Oh, how I dislike the term “midlife crisis.” Hell, my entire life has been made up of mini-crises over the years. The only difference now is I am able to recognize and confront them in a more practical sense. I’m not enticed to attend a male strip club, strut about in leggings or dye my hair multiple shades of pink. After reading Xaviera Hollander’s book in the mid-70’s, Fifty Shades of Grey seems mundane. I wouldn’t refuse a nice little red convertible though.
The phrase “midlife crisis” was concocted by a male psychiatrist in the 1960’s as a way to categorize men primarily, as going through a somewhat depressed, unsatisfied, self-reflective stage (think Tom Ewell in The Seven Year Itch or Dudley Moore in Ten). Men and women alike experience significant life changes and go through moments of self-discovery. It’s through these changes that we grow stronger.
Caring for my family has been my main priority however I now give greater urgency toward examining my health status and earning potential. I am more concerned with protecting my physical and financial situation than I am with getting a weekly mani/pedi or flirting with a buff personal trainer. (Fortunately, I still embrace my spirited side!) In an effort to properly secure independence as we age, we must take necessary precautions while we’re young. My parents were from the old school where they believed it was perfectly fine for the boys to attend college, but it wasn’t necessary for the girls. Our responsibility should be to our families (assuming all of us would marry). After high school, I was employed full-time and took whatever professional training classes I felt would help me achieve greater success in my positions. It was only in my late 30’s, with a toddler at home, that I decided to get my college degree which has been one of my greatest personal achievements. Thankfully, many mature women are following a similar path today.
While I have managed to attain educational success, I don’t quite have what most would consider a career, yet. This is why reinvention is important. In the midst of coping with exorbitant food and gas prices, high unemployment rates and a weakened housing market, I’m taking time to examine my strengths and make them work for me. Think about how to market yourself. Everyone has strengths; they just need to be revealed.
The reason I find reinvention so essential is that I don’t want my family members to have to take care of me in my old age. If my spouse passes, am I financially prepared to properly care for myself? Between housing and living expenses, health costs and taxes, can I afford to live independently? If not, I must make immediate changes. What I would encourage all women to do, whether married or single, with or without children, working or unemployed, is to take an honest look at their finances. While health is very important, sufficient income can help pay for operations and medications you might otherwise be unable to afford. The future of our economy is tenuous. If you haven’t already done so, challenge yourselves to get your finances in order, seeking assistance if necessary. I’ve seen women dear to me suffer serious financial shortfalls due to insufficient planning and it’s heartbreaking.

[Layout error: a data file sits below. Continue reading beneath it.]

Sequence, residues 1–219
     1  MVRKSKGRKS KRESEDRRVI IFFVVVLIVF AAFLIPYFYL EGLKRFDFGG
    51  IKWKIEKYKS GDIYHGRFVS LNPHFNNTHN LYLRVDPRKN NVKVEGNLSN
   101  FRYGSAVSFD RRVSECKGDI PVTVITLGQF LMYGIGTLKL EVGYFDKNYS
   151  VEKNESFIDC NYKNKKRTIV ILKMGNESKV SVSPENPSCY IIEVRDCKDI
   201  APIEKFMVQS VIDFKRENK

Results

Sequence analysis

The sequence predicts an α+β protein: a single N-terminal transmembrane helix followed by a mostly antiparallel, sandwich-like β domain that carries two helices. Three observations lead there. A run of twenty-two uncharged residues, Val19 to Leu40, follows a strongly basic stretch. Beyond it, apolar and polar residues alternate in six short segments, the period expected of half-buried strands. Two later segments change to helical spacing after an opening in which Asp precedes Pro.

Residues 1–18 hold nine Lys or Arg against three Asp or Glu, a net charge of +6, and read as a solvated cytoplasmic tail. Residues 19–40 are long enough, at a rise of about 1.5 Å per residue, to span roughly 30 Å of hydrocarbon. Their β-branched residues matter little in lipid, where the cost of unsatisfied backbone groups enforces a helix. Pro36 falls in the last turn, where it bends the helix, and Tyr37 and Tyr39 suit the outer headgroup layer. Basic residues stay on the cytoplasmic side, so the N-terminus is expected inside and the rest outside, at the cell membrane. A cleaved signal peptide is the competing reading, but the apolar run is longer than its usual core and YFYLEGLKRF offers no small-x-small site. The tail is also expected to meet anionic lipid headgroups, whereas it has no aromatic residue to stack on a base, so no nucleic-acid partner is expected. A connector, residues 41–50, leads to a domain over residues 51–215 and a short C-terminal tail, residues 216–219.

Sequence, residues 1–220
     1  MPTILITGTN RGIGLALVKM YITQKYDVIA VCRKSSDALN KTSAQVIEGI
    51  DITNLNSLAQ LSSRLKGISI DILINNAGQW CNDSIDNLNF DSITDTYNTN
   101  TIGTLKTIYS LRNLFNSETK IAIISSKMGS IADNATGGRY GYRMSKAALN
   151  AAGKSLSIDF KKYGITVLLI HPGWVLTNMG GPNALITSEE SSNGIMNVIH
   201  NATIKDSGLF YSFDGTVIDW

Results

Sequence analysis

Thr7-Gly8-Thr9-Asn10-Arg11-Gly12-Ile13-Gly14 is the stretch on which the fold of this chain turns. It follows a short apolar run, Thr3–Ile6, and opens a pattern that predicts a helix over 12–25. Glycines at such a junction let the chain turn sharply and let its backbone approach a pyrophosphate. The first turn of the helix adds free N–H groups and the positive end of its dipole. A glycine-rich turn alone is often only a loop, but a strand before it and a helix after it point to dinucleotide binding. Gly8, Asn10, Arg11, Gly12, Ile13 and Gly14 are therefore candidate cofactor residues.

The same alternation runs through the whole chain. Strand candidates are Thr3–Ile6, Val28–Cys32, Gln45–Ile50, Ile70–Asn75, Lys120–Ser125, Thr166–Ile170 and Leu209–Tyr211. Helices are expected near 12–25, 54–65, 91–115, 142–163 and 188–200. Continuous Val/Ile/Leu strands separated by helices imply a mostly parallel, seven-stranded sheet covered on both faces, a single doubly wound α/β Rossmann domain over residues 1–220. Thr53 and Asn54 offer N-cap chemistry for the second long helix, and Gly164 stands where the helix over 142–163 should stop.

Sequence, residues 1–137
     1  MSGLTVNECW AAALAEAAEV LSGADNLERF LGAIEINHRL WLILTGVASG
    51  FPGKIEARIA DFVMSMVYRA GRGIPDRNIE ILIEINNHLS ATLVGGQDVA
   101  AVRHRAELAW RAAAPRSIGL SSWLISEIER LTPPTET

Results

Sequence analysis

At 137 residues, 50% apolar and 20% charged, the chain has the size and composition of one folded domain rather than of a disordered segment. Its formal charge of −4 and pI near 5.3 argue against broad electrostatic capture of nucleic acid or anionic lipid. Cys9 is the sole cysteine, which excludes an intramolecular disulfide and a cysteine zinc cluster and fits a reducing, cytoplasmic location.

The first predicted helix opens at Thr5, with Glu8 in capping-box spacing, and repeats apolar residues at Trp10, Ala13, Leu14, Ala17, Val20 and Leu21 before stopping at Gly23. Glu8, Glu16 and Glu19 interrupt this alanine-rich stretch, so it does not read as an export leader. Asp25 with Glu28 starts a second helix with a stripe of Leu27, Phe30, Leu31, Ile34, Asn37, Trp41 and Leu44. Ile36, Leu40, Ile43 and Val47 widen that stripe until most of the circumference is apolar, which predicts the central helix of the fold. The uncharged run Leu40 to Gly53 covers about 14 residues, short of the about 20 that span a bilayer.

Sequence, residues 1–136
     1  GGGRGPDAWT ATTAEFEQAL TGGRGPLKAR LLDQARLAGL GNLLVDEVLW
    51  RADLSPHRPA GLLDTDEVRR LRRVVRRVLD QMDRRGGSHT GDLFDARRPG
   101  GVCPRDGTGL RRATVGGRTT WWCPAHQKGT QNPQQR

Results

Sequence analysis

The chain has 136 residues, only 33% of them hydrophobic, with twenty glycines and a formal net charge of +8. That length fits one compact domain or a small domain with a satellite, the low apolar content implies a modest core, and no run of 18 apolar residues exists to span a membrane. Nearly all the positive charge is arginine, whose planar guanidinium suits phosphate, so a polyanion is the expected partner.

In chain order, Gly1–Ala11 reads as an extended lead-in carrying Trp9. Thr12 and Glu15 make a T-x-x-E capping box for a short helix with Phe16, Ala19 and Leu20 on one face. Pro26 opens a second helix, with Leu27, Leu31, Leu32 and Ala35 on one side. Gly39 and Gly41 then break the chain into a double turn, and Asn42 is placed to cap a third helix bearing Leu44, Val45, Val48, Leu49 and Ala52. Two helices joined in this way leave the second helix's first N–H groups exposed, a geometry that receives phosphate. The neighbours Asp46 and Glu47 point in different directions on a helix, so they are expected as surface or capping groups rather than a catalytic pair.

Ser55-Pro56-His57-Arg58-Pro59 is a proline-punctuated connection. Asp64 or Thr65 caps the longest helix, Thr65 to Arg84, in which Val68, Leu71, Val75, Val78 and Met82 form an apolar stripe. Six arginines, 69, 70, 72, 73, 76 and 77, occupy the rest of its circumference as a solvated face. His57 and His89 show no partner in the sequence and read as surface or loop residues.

The good news is there is an abundance of free information and assistance out there for those who need help with medical resources, financial planning, housing, continuing education, occupational training and so forth. Those of us without unlimited funds, newly single, unemployed or in poor health can help one another achieve success without stress if we start adequately planning for our future TODAY. Hindsight is 20/20 and it’s time to take action so we can hold our heads high and maintain our independence well into our golden years. I for one am back in school and in the process of rediscovery as we speak. I find it exhilarating. The possibilities are endless. What mid-life crisis? I have no time to wallow in self-pity, frustration or disappointment. Today is the first day of the rest of my life and it’s going to be great!
“Believe in yourself! Have faith in your abilities! Without a humble but reasonable confidence in your own powers you cannot be successful or happy.” Norman Vincent Peale